Click Get SVG and Upload the SVG to the Images [db_image] table with a name of portal-loading-spinner.svg or pick your own name, just remember that you will have to use it in Step 3.

 

2. Explaining the out of the box loading spinner

The code snippet responsible for rendering the loading spinner is included in the HTML part of the Header Menu widget.

<div class="header-loader" ng-show="loadingIndicator">
    <div class="hidden-xs sp-loading-indicator la-sm">
      <div></div>
      <div></div>
      <div></div>
    </div>
  </div>

 

The sp-loading-indicator class on the inner <div> element refers to the sp-loader.css file, which ships with Service Portal. This is the CSS class, which contains all CSS styles for rendering the three dots. We will get rid of this <div> in a second, but let me talk about the ng-show for the loadingIndicator variable first.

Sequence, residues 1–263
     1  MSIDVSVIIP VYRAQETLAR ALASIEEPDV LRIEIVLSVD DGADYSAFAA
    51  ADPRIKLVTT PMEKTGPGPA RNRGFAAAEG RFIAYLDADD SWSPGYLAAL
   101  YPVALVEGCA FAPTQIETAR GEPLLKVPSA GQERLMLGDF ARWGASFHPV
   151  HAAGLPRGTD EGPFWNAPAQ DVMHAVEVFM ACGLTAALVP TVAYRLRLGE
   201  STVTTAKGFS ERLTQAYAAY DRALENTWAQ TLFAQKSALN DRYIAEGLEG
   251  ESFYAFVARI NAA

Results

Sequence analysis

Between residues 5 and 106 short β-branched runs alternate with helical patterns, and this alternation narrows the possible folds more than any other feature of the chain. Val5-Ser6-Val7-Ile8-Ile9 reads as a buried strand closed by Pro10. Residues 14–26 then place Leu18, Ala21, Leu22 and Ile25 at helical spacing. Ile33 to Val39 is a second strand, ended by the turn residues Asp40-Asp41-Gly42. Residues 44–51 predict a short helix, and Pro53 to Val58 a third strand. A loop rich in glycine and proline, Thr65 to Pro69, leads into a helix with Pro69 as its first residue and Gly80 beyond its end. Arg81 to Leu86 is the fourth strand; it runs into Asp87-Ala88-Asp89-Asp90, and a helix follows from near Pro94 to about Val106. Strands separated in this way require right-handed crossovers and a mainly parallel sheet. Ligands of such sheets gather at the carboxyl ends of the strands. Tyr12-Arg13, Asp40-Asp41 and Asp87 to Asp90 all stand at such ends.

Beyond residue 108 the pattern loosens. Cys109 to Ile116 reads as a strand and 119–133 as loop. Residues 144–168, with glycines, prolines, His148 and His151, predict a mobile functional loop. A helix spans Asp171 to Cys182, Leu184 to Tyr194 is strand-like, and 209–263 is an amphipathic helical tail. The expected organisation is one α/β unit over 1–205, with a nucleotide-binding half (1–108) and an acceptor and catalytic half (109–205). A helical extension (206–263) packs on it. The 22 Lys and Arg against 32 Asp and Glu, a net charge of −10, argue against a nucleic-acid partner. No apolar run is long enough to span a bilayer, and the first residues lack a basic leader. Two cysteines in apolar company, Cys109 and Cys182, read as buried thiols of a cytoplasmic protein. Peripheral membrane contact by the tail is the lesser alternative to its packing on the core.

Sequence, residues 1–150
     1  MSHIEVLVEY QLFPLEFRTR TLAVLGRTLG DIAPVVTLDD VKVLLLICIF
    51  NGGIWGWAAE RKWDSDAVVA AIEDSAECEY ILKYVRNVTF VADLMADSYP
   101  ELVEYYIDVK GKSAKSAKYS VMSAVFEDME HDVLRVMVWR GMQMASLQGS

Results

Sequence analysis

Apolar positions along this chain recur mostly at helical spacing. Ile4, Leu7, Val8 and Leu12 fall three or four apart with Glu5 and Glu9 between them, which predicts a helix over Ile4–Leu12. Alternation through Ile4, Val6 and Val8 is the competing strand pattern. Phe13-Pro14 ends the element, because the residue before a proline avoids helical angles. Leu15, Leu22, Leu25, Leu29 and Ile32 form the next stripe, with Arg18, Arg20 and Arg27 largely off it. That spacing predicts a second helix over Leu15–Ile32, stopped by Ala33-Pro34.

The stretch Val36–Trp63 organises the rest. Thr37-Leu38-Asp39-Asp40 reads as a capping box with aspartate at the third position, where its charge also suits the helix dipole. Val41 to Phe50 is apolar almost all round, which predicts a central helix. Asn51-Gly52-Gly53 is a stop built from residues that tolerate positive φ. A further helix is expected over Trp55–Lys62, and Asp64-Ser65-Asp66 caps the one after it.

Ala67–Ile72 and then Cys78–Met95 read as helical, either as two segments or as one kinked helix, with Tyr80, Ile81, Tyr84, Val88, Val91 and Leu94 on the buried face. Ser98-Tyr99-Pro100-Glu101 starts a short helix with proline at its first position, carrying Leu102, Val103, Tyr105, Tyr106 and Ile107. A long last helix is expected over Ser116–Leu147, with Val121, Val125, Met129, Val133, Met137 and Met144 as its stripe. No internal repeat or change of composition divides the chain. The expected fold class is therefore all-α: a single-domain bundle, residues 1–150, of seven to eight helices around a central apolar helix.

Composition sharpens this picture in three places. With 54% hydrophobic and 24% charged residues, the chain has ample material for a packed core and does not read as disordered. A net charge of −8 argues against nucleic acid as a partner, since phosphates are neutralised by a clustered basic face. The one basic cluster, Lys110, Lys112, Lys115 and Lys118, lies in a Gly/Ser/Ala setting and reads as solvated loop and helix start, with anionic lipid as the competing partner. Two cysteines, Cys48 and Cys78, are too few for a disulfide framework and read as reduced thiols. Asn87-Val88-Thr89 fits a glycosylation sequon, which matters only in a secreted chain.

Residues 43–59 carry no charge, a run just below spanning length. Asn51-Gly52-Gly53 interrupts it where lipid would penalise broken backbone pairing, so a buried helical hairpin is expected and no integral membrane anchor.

The whole loading spinner <div> is only shown, when the loadingIndicator variable is set to true, but where does this happen?

 

Have a look at the Client Script part of the widget and you will find the following three lines:

$scope.$on('sp_loading_indicator', function(e, value) {
  $scope.loadingIndicator = value;
  });

 

By listening to the sp_loading_indicator event, which is again part of Service Portal, the value of the variable will be determined.

In line 2 of that widget, it will initially be populated with the value of that variable within the $rootScope object.

$scope.loadingIndicator = $rootScope.loadingIndicator;

 

Essentially everything is already prepared for us, we won't have any work on the client side. We just have to make sure, that our new loading spinner (the .svg image), is rendered in the HTML part.